Though I may hire certain people to help me with my book projects, I retain all of my rights and pay a fee for their services. My goal is to recover these expenses with my future book sales.

Pros and Cons

At this point, indie publishers have an advantage over traditional publishing. An indie publisher has a bigger audience to sell to and a larger window to do it from. Traditional publishers depend on bookstore shelf space which is highly limited space and time. A new book has an expiration date will be removed to make room for the new releases.


The traditional publisher needs to make their profits quickly.  An indie publisher may have a hard time getting into bookstores, but they have unlimited online bookshelf space.


An indie book can take as long as they need to make its profits back. Some books just need time to gain momentum or are “ahead of their time.” Plenty of stories about well-known authors who didn’t hit their stride and start selling large quantities of books until they were 7+ books into their career.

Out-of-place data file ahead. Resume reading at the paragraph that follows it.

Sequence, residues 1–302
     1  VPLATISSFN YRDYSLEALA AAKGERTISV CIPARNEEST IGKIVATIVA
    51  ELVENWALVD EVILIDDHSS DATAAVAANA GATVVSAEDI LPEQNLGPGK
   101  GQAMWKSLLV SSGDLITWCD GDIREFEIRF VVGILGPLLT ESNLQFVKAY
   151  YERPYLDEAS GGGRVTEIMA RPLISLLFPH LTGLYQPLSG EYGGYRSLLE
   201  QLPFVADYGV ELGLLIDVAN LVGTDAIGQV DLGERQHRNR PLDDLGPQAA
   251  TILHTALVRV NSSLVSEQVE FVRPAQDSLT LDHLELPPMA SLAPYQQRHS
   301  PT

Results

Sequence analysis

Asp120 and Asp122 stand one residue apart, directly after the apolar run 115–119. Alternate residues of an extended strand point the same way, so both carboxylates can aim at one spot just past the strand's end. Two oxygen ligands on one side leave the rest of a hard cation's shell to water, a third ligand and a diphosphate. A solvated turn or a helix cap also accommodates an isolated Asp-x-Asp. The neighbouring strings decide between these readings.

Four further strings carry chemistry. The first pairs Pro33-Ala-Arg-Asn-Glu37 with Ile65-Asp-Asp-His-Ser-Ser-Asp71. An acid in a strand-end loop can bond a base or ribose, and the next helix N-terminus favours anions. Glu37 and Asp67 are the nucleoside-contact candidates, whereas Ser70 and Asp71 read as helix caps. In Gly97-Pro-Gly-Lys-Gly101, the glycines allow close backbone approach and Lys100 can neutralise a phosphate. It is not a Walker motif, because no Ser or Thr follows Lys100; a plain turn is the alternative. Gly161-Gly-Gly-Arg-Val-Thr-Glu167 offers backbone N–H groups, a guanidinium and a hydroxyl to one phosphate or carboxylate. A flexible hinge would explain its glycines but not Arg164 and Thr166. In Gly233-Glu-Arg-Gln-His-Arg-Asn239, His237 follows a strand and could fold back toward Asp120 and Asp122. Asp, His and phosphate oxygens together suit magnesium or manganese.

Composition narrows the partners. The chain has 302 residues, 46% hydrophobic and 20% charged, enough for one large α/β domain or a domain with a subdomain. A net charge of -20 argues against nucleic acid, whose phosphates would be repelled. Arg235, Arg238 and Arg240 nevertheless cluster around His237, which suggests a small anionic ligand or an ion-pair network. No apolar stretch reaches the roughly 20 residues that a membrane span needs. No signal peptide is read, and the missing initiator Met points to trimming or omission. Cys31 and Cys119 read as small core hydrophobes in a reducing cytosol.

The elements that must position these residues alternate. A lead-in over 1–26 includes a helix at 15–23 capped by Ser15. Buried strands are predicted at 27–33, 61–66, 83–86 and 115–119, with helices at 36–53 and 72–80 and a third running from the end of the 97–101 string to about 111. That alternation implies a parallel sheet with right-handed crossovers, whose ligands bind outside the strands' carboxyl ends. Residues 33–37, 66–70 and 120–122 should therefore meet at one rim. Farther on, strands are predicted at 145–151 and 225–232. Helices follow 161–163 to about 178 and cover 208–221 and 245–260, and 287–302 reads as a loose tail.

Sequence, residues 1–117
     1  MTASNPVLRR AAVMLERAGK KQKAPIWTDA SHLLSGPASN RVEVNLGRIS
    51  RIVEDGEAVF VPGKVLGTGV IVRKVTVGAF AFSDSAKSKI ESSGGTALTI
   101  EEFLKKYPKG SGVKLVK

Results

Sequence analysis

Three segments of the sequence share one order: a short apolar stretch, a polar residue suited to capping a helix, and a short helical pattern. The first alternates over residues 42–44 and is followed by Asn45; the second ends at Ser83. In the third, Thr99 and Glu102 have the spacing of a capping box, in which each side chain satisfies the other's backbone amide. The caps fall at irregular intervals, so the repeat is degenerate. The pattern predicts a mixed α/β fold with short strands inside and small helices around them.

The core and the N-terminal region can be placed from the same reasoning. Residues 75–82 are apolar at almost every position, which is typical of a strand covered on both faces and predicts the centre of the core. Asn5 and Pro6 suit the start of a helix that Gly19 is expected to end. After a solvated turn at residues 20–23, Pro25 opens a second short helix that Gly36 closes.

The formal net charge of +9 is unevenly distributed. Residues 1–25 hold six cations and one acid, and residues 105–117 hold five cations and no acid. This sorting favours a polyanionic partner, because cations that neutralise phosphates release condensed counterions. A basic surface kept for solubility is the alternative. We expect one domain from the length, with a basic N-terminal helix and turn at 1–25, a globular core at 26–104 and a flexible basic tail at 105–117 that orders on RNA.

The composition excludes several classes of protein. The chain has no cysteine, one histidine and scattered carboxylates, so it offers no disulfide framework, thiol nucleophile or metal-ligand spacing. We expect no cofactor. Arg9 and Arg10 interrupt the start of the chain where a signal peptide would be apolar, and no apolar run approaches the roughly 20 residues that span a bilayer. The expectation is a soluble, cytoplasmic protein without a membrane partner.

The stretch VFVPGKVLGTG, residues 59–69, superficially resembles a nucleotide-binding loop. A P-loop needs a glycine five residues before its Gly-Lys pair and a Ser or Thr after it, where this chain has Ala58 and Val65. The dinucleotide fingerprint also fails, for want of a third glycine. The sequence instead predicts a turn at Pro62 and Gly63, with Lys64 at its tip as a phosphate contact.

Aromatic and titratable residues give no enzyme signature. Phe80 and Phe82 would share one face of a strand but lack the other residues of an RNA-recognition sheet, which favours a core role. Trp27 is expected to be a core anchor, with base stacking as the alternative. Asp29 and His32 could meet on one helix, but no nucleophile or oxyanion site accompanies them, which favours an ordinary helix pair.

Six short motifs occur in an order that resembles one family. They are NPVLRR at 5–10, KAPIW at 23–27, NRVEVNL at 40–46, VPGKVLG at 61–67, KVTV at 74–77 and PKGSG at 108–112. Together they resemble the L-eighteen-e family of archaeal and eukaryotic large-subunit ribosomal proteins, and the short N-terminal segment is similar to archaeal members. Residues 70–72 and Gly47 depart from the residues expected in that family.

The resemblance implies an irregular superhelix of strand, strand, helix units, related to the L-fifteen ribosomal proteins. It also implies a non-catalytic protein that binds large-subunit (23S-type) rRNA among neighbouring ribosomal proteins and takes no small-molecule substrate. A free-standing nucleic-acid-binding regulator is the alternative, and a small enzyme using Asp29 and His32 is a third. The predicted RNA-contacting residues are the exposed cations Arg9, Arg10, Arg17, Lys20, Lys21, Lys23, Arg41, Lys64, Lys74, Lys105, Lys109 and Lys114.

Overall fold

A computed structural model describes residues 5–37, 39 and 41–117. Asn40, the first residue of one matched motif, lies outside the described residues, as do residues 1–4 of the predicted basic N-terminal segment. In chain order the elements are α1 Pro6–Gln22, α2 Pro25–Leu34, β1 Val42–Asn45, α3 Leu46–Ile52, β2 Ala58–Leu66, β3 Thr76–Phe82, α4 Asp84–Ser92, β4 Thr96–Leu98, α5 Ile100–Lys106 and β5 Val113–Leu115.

Indie publishers usually know their audience personally, and using social media, video, blogs, and online communities can help to grow their audiences personally. Through this audience, they can quickly grow into best sellers on such places as Amazon and Barnes & Noble

Getting Paid:

Royalties are done in very specific ways. In Traditional publishing, you will not make any royalties until the advance and production cost has been repaid. Depending on the book, this is usually around 9000 copies sold. Traditional publishers also do not pay out except every 6 to 18 months, making it nearly impossible to write books for a living.


In indie publishing, the profits are yours once the distribution costs are taken out at the point of sale No one to pay back but yourself and any support staff you have brought on the project.

In Conclusion